See How a Home Stager Turned This Ultra-Traditional Home into a Relaxed, Airy Space

published Nov 4, 2022
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Credit: Courtesy of JSquared

When homes linger on the market for a while, real estate agents are faced with a few options. They can drastically drop the price, extensively renovate, or revisit the staging. This 6,700-square-foot traditional brick home had been on and off the market for over two years by the time Laura Peery with the Steele Group Sotheby’s took on the listing. 

Peery educated the previous owners on the importance of staging and brought in Johnathan Miller of JSquared, a luxury real estate design and marketing firm, to take on the property’s styling. With its massive scale, the home needed to appeal to a specific buyer, and without staging, the space felt depersonalized and a bit too traditional. For a buyer to make this level of investment in a home, they need to see themselves living in it. 

First, the first-floor living spaces needed updates. The home had multiple living spaces all adjacent to the formal living room, and it was difficult for buyers to imagine how each room might look in their day-to-day life. One of those spaces was a formal library that didn’t seem practical to many buyers, particularly those who fit the buyer persona that Miller envisioned. 

“Every home we stage, I create the persona of the potential buyer who’s going to be living there and how they’re going to function in that space,” Miller says. “I think about what lifestyle options a buyer is going to have when they move into that area. Are they moving only for the schools? Is it going to be an empty nest situation? By creating the story, I am creating a product that appeals to multiple buyers and something that actually involves them in the home where they visualize living there.”

In this particular house, Miller explains, “I wanted the buyer to be able to feel like they had multiple options in utilizing the space versus being limited to only using the room for one specific purpose.”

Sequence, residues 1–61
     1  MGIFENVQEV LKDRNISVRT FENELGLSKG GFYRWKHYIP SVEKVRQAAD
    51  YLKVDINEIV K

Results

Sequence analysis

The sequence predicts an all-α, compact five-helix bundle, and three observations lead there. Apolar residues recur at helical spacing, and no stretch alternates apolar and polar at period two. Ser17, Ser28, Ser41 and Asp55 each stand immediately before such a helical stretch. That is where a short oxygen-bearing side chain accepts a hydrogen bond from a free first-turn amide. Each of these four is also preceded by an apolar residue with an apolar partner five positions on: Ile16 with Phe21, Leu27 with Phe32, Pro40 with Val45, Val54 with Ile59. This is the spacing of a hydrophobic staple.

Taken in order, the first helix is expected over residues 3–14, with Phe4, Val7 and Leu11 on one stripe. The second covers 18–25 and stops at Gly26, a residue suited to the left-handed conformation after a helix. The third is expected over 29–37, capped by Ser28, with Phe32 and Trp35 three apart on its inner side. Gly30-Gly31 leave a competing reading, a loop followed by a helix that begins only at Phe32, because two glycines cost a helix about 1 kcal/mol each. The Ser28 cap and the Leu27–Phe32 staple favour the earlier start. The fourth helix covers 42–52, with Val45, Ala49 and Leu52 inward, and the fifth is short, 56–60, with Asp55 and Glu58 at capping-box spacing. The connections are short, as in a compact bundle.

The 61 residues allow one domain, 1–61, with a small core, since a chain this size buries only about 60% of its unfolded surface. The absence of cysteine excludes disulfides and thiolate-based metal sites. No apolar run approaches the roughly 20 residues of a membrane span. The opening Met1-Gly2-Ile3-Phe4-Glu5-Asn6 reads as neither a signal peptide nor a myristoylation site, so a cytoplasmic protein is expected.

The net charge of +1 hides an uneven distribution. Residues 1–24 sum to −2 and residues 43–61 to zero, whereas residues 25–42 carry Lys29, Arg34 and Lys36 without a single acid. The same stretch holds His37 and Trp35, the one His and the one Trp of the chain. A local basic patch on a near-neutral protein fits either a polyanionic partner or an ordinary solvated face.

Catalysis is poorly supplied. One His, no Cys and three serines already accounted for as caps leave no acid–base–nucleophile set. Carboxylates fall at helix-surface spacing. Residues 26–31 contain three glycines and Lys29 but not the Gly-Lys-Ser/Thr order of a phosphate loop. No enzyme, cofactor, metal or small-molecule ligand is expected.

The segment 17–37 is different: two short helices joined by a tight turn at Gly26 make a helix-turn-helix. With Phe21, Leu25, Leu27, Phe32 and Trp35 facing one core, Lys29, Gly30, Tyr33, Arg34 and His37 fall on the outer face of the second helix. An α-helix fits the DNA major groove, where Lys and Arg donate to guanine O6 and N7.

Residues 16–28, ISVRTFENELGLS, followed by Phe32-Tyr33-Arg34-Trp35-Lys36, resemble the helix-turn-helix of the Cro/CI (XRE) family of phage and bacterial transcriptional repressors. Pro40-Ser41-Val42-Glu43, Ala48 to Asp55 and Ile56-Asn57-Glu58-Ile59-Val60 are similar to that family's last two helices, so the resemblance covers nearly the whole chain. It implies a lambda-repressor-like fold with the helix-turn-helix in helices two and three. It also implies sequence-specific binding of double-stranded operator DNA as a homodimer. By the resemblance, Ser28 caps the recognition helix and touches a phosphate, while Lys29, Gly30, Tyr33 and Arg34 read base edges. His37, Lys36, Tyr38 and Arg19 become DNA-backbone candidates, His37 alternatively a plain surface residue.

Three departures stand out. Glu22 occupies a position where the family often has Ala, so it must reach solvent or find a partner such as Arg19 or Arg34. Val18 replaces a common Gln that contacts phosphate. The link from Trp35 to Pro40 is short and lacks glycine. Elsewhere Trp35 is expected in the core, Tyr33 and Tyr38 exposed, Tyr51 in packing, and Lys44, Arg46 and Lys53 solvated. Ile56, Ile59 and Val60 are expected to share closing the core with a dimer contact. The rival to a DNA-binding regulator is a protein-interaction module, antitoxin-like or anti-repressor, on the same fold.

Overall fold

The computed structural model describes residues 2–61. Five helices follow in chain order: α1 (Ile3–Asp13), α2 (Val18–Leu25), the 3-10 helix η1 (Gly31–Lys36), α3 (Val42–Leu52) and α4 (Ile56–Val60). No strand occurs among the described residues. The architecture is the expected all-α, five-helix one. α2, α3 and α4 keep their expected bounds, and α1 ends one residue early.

Credit: Courtesy of JSquared

The first step was neutralizing the home’s faux finishes and dark colors. “The design should focus less on the decor and more on highlighting the actual architectural features that a buyer is going to be purchasing,” Miller says. “In staging, the end goal should always be to get the buyers excited about purchasing the home, not the furniture.”

In this space, the room needed to feel fresh, and it needed to show the library as an approachable sitting area that felt like somewhere you’d want to hang out and entertain. “I focused on bringing in multiple pieces that had a heavy texture and added warmth, while at the same time also adding in other key pieces that modernized the space in a way to appeal to both a traditional buyer and a modern buyer,” he says.

Credit: Courtesy of JSquared

Where the room was previously an imposing and aggressively faux finished brown and gold palette, it became light and airy, with organic textures, black accents, and light wood. This is now a place the buyer can imagine lounging with a glass of wine in the evening with a friend, or reading a magazine with a cup of coffee on a relaxing weekend morning. It’s not just a library, it’s a living space. And it’s a living space that appealed to the type of buyer Peery and Miller envisioned in this home. 

What difference did this styling make? After unsuccessfully sitting on the market for over two years, the expansive house sold for cash in the first three weeks.